Dutch Tool Chest Build

Shortly after I began my journey into working wood, I decided my first hand-tool project would be learning how to build a Dutch Tool Chest. I fell in love with the Dutch Tool Chest after seeing Christopher Schwarz present it on this episode of the Woodwright’s Shop, a show I loved as a kid and rediscovered after searching my cable provider for every woodworking show I could DVR.

How to build a Dutch Tool Chest

Roy Underhill checks out Chris Schwarz’s Dutch Tool Chest on an episode of The Woodwright’s Shop

This project seemed to have it all: Romance, utility, challenge, history. After watching the video a few times and Googling photos of Schwarz’s and others’ Dutch tool chests, I decided there were several reasons it would be the one of the best projects for a beginning woodworker.

  • It’s a perfect balance of simplicity and complexity. Dovetails connect the bottom to the sides, but the remaining joinery is done with fasteners. It would test and develop basic skills of design, measuring, marking, sawing, planing and joining without causing me to over reach my abilities and get frustrated.
  • Other than the 30 degree angle of the top, no dimensions were discussed and, at the time, no plans were available. (Plans were later made available in the Aug. 2013 issue of Popular Woodworking, but I was well into the build by the time I discovered this.) I would need to figure out the dimensions on my own. For me, problem solving is one the main draws of wood working so I avoid plans and either build from my own designs or mentally reverse engineer things that I like.
  • I could customize it to fit my needs.
  • It’s the type of project an apprentice woodworker (as I imagine myself) would tackle early on.
  • I particularly liked the simple yet clever lower compartment and locking cleat system that held on the lower front.
  • I liked the look.
  • It would provide a home for my slowly growing collection of vintage hand tools.

So  after months of trying (and failing) on an almost daily basis to cut dovetails by hand, the day finally came that I slid a pin board and tail board together… and it worked! It was time to start the Dutch.

woodworking hand cut dovetails

My first successful hand cut dovetail

Here’s the sketch I started with.

dimensions for a dutch tool chest

The first rough sketch

For dimensions, I started with the depth. Using 1 x 12 stock, the sides would be 11 1/4 inches, plus 3/4 inch added apiece by the front and back boards, for a total of 12 3/4 inches. I figured out the width by looking at a video of Schwartz hoisting the chest. We’re about the same size, so comparing his arm span to mine, I figured it to be about 30 inches. I then measured my cross cut and rip saws, which would be kept on the inside of the cover. I added a few inches for clearance and came to a final width of 33 inches. For the depth, I simply worked from the tools that would have to fit inside.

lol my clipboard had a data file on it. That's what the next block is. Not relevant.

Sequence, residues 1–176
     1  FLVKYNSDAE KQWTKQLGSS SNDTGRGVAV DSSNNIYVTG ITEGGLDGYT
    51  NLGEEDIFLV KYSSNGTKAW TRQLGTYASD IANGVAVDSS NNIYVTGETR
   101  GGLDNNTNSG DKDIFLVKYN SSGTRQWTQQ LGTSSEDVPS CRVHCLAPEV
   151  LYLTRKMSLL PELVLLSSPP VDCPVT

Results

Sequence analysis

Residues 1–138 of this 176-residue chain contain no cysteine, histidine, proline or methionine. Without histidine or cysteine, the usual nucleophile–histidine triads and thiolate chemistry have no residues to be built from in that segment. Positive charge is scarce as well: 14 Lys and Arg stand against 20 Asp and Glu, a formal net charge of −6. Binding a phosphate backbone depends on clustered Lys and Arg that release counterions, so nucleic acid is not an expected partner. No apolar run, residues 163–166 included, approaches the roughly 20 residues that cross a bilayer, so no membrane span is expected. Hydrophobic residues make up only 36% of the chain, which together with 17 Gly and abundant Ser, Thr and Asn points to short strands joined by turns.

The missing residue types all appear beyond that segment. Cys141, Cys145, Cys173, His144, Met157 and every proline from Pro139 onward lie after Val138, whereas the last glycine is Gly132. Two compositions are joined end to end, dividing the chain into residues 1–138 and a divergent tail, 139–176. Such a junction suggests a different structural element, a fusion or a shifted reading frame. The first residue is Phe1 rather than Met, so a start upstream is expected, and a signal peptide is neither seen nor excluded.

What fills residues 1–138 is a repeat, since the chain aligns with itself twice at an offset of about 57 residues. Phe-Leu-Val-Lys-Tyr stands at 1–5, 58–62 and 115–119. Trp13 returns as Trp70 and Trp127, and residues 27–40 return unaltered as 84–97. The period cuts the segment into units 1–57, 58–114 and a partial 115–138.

I planned to hang my chisels at the back, store my planes at the front and store my saws standing in the center. I came up with roughly 14 inches for the back and 7 inches for the front, then used the one piece of information I did know–the 30 degree angle of the slope from back to front–to determine the actual dimensions.

After several tweaks, here are the final dimensions for the Dutch tool chest that I wound up with:

  • Carcasse:
    • Width: 32 5/8
    • Depth: 12 3/4
    • Front height: 15 1/8
    • Rear height: 22 3/8
  • Top compartment:
    • Front height: 6 3/8
    • Rear height: 12 5/8
  • Lower compartment height: 8 9/16
  • Top: 33 3/8 x 15

Finally, I set a few rules for myself:

  • For historical accuracy and skill development, I would build the chest entirely using hand tools and traditional woodworking techniques… as far as my limited tool collection would allow.
  • For stock, I would use common pine and pull as much as possible from my ever growing scrap pile. I’m not confident enough yet to risk screwing up with expensive hardwoods, so I’d have to build this using home center pine. Not the most durable or romantic wood, but it’s utilitarian, cheap and easy to work. If you’re starting out, I suggest sticking with it for a while…. especially while all you’re making is sawdust and scrap.

Now, for the dovetails.


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